Consumers willing to buy sustainable US cotton, researchers find

Feb 06, 2012

As the interest in environmentally responsible business practices grows globally, researchers are interested in how that interest translates into consumer sales. Researchers from the University of Missouri have found that United States consumers are more willing to buy clothing made from sustainably grown U.S. cotton than apparel produced using conventional practices in an unknown location. Jung Ha-Brookshire, an assistant professor in the textile and apparel management department in the College of Human Environmental Sciences at MU, says transparency is the key.

"It is important for the to remain transparent about its products, especially if they are produced in a sustainable manner," Ha-Brookshire said. "We have shown that consumers want to know where their clothes come from and would rather buy sustainably produced clothes. Many apparel companies use ; however, they don't promote them very well."

Ha-Brookshire and fellow researcher Pamela Norum, an associate professor and director of graduate studies in the textile and apparel management department at MU, define sustainable cotton-growing practices as using fewer pesticides and less water, land, and energy compared to traditional practices, which result in a decreased environmental impact.

For their research, Ha-Brookshire and Norum surveyed 500 respondents nationwide. They found that not only were consumers more willing to buy sustainably produced cotton apparel grown in the U.S. over nonspecific cotton apparel, but consumers were willing to pay up to five dollars (16.7 percent) more for a $30 cotton shirt produced sustainably in the U.S.

Norum believes these results show how important it is for U.S. cotton growers and apparel companies to promote themselves.

"The apparel industry and specifically U.S. cotton farmers are missing a big opportunity to promote their brand," Norum said. "Consumers want to buy sustainably produced cotton and they want to buy U.S. cotton. Many U.S. cotton farmers are using these sustainable practices but aren't communicating that fact well enough to the public. If they would increase transparency about production would be more likely to buy their products."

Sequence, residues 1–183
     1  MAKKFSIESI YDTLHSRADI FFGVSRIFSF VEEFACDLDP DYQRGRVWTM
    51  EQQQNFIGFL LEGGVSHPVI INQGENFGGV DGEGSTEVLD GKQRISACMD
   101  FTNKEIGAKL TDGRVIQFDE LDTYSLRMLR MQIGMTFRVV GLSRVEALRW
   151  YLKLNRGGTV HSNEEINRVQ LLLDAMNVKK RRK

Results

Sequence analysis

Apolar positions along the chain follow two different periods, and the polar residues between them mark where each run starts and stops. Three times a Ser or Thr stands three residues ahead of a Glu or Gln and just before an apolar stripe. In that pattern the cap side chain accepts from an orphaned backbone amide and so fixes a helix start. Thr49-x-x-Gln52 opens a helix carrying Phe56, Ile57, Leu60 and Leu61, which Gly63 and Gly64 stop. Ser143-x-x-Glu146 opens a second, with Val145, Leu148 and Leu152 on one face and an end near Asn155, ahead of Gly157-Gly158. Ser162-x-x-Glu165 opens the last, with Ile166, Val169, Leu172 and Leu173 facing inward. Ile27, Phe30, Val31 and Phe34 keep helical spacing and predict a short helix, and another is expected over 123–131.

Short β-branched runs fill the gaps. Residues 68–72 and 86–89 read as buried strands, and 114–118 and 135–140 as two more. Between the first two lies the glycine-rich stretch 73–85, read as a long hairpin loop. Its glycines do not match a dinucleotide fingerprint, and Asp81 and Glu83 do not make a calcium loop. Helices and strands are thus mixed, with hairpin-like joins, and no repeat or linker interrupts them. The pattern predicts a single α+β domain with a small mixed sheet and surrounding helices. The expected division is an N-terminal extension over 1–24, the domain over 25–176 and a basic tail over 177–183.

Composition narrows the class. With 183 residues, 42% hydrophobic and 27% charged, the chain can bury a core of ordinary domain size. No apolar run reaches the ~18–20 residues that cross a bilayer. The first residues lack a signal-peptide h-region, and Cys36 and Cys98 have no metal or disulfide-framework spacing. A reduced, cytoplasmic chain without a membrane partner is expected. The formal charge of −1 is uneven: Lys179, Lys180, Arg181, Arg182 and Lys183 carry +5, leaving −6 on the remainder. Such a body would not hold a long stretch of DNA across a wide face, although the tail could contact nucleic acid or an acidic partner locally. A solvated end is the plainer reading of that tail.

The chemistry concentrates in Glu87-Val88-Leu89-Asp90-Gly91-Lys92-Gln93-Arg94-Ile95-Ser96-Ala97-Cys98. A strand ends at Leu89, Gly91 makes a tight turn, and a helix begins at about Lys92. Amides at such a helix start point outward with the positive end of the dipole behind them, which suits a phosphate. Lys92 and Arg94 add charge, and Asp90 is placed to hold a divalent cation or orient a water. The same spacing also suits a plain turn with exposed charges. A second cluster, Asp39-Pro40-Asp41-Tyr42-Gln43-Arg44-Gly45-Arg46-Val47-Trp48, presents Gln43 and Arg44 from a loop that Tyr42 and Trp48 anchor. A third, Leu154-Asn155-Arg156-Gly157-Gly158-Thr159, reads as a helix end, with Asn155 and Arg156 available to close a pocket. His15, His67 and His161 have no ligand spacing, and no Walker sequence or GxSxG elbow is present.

The studies by Ha-Brookshire and Norum were published in the Journal of Consumer Marketing and Clothing and Textiles Research Journal.

Explore further: Economist outlines work on managing tasks and time

add to favorites email to friend print save as pdf

Related Stories

Cotton's potential for padding nonwovens

Sep 09, 2011

U.S. Department of Agriculture (USDA) scientists have conducted studies to investigate the use of virgin cotton in nonwoven materials and products. The work was led by cotton technologist Paul Sawhney and his colleagues at ...

Recommended for you

Economist outlines work on managing tasks and time

19 hours ago

"When a man knows he is to be hanged in a fortnight," said Samuel Johnson, "it concentrates his mind wonderfully." Most of us, spared such an imperative, carry on in a less-concentrated state, but it holds ...

Companies do not use online HRM effectively

Dec 15, 2014

Professor Tanya Bondarouk of the University of Twente thinks it's embarrassing : many companies and organizations are still not making effective use of e-HRM systems. These online systems can be used for a wide range of HRM-related ...

Happy-go-lucky CEOs score better returns

Dec 11, 2014

A CEO's natural sunny disposition can have an impact on the way the market reacts to announcements of company earnings, according to research from the University of British Columbia's Sauder School of Business.

User comments : 0

Please sign in to add a comment. Registration is free, and takes less than a minute. Read more

Click here to reset your password.
Sign in to get notified via email when new comments are made.